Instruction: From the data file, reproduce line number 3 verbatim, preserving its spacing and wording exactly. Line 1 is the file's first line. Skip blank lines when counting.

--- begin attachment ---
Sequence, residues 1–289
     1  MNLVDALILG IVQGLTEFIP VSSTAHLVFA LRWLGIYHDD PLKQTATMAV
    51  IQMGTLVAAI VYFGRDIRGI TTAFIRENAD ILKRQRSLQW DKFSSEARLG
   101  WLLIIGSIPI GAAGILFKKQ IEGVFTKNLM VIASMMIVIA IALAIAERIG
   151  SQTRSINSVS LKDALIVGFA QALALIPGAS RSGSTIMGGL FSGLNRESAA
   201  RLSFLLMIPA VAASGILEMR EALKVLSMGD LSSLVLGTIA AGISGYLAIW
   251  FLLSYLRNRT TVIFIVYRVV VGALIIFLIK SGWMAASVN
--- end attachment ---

    51  IQMGTLVAAI VYFGRDIRGI TTAFIRENAD ILKRQRSLQW DKFSSEARLG